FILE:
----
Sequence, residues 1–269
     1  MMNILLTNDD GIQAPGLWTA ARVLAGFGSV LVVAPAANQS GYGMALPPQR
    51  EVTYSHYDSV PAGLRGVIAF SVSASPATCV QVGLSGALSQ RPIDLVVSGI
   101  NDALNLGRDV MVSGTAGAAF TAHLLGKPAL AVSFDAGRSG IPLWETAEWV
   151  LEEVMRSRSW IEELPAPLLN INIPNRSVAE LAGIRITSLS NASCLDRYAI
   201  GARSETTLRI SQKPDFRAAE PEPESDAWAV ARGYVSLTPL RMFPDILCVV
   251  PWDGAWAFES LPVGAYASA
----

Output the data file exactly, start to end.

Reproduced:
Sequence, residues 1–269
     1  MMNILLTNDD GIQAPGLWTA ARVLAGFGSV LVVAPAANQS GYGMALPPQR
    51  EVTYSHYDSV PAGLRGVIAF SVSASPATCV QVGLSGALSQ RPIDLVVSGI
   101  NDALNLGRDV MVSGTAGAAF TAHLLGKPAL AVSFDAGRSG IPLWETAEWV
   151  LEEVMRSRSW IEELPAPLLN INIPNRSVAE LAGIRITSLS NASCLDRYAI
   201  GARSETTLRI SQKPDFRAAE PEPESDAWAV ARGYVSLTPL RMFPDILCVV
   251  PWDGAWAFES LPVGAYASA